Virginia does not define the term “manufacturer” for purposes of the BPOL exemption. The Supreme Court of Virginia has developed a test involving three essential elements in determining whether a manufacturing activity is being undertaken. These elements are:

  1. Original material, referred to as raw material;
  2. A process whereby the original material is changed; and
  3. A resulting product that is different from the original material.

In Virginia Public Document Ruling No. 99-239, 08/23/1999, the Department of Taxation states that “for BPOL purposes, a manufacturer is one engaged in a processing activity whereby the original materials are transformed into a product that is substantially different in character from the original materials. These three elements are all equally important; if any one of these elements is missing, a business cannot fairly be said to be engaged in manufacturing.”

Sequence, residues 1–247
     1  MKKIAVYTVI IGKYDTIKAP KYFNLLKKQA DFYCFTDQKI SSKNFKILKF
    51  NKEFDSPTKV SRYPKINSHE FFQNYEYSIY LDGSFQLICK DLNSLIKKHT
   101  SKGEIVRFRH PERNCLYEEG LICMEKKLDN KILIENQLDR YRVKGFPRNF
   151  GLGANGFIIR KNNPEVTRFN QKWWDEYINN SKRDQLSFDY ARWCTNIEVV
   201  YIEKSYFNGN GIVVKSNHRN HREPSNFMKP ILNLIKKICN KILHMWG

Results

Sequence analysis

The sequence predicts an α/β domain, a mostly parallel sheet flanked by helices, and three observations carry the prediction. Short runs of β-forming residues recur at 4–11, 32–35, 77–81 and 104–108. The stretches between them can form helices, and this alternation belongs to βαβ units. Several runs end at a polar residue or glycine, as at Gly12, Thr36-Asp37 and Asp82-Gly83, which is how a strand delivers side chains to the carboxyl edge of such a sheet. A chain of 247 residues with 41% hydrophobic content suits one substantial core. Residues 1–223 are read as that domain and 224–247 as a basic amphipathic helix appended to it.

If a business is designing a product, subcontracting out the building and processing activities, but is still the seller of the product being produced, the manufacturing exemption may still apply. The BPOL guidelines issued by the Department of Taxation, that addresses the scope of the manufacturing exemption, concluded that the “manufacturing process consists of work subcontracted out but under the taxpayer’s control at all times, work in the taxpayer’s shop, and work by the taxpayer’s employees at the customer’s location.”

Still, additional facts regarding the activity would be needed to reach a more definite conclusion.

Are rental receipts and other revenue, not normally business income sources, subject to the BPOL tax? 

Per Virginia § 58.1-3703(C)(19), gross receipts from the sale and rental of real estate and buildings are taxable by the locality in which they are located, provided the locality is authorized to tax such businesses. Gross receipts from the rental of real estate are generally exempt from tax, unless the localities tax on the activity is “grandfathered” in because they imposed such a tax on January 1, 1974.

Ultimately, this activity would likely be considered a separate business activity for which an additional license would be needed.

Is revenue from employees who work onsite at government facilities located in DC and MD subject to the BPOL tax?  What if the employees report to managers in the Virginia locality?